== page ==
A list of Papers and Journal Articles related to Aboriginal Mapping. Please contact us if you know of, or would like to submit, a paper.

PLEASE NOTE: The Aboriginal Mapping Network is not promoting any of the following authors or their work.The intent of this page is to provide an overview of some of the available written materials.

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Indigenous values and GIS: a method and a framework

Garth Harmsworth,  (Ngaati Tuuwharetoa, Te Arawa)


The Role of GIS and Remote Sensing in the Sustainable Development of Mauritius (C.P. Johnson)


Small island developing states are located among the most vulnerable regions in the world in relation to the intensity and frequency of natural and environmental disasters and their disproportionately high economic, social, and environmental consequences. They pose various sustainable development challanges, which principally arise from their remoteness, small size, ecological fragility, topography, susceptibility to natural disasters, limited resources, limited local capital for productive investment, and excessive dependence on imports. Though there is significant progress made for sustainable development in Mauritius particularly in the protection and/or management of land, environment, fresh water, coastal area, biodiversity, agriculture and waste, GIS and remote sensing technologies have not been employed much in these executions.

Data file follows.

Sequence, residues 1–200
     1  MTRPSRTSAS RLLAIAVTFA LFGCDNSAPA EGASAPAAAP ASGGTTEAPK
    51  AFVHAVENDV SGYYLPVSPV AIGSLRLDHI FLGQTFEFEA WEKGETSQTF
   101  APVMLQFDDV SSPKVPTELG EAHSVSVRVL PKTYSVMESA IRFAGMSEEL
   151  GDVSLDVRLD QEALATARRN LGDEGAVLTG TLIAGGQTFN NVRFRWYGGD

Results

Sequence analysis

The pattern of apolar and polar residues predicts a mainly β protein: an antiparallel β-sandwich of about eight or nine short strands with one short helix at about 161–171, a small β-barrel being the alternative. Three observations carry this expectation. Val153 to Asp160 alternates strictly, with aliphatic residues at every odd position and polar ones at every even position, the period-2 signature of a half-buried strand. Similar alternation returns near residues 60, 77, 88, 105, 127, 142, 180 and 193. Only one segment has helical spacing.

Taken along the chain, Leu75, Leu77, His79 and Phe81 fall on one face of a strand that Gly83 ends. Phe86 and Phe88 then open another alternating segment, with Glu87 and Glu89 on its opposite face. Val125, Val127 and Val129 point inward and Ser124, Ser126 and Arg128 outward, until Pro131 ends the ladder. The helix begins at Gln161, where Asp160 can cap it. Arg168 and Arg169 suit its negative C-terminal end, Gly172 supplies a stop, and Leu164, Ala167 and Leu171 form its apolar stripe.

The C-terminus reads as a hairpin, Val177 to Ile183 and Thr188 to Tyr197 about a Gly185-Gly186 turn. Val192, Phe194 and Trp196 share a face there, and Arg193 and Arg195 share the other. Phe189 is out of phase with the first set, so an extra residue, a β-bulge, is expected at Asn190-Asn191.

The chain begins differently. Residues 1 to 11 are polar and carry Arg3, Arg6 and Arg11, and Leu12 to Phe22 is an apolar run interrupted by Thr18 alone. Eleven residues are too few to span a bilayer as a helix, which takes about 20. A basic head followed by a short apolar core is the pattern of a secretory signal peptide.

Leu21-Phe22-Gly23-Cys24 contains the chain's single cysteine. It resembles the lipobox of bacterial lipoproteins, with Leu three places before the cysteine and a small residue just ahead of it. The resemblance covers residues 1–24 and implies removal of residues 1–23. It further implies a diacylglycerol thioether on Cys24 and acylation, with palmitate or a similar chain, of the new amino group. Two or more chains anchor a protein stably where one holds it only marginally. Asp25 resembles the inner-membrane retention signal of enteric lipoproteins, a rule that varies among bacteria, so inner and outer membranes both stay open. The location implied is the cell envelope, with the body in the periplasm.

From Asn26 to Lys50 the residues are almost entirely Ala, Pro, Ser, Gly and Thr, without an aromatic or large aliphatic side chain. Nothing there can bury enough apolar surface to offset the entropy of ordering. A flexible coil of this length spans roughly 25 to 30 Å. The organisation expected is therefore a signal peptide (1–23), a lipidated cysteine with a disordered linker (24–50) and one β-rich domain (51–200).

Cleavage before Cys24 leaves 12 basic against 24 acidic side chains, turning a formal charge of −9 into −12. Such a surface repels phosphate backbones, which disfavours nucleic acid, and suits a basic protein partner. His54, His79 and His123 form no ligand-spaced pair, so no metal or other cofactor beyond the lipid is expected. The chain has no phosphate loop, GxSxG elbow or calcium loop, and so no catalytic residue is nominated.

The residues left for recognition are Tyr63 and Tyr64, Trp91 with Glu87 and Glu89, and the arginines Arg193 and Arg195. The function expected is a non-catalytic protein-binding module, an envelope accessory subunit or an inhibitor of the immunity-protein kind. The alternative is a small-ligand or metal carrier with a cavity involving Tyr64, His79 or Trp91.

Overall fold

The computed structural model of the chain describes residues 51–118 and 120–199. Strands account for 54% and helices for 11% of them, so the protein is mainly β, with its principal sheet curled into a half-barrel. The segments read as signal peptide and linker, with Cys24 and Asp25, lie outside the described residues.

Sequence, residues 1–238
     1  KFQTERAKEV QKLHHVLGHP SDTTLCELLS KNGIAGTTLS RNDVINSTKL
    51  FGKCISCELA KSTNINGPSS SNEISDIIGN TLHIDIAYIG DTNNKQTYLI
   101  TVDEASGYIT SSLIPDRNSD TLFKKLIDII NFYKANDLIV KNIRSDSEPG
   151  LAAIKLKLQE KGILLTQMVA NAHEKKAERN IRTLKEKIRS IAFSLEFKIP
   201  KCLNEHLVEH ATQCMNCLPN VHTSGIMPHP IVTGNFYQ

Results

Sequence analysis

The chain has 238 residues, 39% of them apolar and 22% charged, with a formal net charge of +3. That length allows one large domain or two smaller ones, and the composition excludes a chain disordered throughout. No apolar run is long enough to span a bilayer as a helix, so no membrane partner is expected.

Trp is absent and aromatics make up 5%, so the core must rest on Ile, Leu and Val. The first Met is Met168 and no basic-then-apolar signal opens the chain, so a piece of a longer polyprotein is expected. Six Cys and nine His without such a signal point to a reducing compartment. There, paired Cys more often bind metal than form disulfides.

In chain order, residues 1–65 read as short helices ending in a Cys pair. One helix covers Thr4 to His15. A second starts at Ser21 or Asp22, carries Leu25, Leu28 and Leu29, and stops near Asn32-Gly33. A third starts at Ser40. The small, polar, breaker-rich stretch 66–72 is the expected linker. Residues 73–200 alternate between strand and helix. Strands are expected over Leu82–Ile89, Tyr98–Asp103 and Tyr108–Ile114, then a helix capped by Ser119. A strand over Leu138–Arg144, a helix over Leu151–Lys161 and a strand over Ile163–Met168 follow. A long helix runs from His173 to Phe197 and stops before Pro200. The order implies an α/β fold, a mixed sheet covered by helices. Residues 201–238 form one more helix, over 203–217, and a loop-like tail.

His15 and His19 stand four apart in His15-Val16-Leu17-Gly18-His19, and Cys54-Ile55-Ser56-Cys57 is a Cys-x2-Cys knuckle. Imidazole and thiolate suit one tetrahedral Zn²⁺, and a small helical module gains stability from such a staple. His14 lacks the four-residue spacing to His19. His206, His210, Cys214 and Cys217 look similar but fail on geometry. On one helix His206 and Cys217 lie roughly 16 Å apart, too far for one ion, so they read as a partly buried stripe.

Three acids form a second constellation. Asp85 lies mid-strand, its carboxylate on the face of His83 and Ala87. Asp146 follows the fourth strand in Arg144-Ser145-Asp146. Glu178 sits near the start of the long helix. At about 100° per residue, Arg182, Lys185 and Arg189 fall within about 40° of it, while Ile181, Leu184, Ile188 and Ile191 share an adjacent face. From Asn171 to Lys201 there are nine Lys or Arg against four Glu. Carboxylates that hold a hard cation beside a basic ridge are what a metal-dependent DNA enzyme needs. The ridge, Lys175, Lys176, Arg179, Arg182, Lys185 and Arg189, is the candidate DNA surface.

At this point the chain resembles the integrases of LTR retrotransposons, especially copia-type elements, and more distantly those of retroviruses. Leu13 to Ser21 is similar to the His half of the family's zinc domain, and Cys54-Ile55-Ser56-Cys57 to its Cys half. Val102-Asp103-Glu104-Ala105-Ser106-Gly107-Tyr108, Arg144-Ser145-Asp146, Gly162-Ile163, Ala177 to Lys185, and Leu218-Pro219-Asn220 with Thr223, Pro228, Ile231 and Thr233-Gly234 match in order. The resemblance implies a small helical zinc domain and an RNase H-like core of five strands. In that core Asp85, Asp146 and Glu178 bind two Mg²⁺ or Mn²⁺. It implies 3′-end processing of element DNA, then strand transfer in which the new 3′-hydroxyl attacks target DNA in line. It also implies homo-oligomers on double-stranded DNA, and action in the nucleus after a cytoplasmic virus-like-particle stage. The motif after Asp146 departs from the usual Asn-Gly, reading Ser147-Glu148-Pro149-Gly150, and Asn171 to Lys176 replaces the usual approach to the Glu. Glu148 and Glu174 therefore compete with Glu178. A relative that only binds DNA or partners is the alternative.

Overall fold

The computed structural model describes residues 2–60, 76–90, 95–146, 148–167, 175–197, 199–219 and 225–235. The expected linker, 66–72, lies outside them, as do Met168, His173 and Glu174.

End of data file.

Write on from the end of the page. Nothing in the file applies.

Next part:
The role of GIS and remote sensing in the sustainable development of Mauritius has been explained in the paper.

Full Text: Role of GIS and Remote Sensing in the Sustainable Development of Mauritius.pdf


The Indian Trading Path and colonial settlement development in the North Carolina Piedmont

by Dobbs, Gladys Rebecca, Ph.D., The University of North Carolina at Chapel Hill, 2007, 171 pages; AAT 3262603

Abstract (Summary)

This is a work of historical geography examining the role of an Indian-origin transportation route in the development of the colonial settlement system that emerged in the North Carolina Piedmont during the mid 18 th century. This system has evolved in modern times into an important polycentric urban region, and the area's current inhabitants attribute this pattern to the Indian route, the Indian Trading Path. The relationship between the route and settlement development has not previously been tested, however. Previous work in settlement development geography has in fact treated the North American colonial landscape as a blank slate and failed to take account of landscape features left by an area's earlier occupants.

This work comprised a process of transforming archival data---several thousand records from the earliest documented European settlement of the area---to geographic information in a GIS (geographic information system) and then to geographic knowledge through analysis of spatial and temporal pattern in the GIS. A two-scale model was used to explain the process by which the Indian Trading Path could affect emerging settlement patterns at the level of both town and regional system. While the model and results are geographically specific and not meant to apply to backcountry settlement in a general sense, the overall approach used can profitably be applied to other locations, both in terms of technical methodology and in terms of realistically assessing the role of indigenous landscape features in colonial outcomes.

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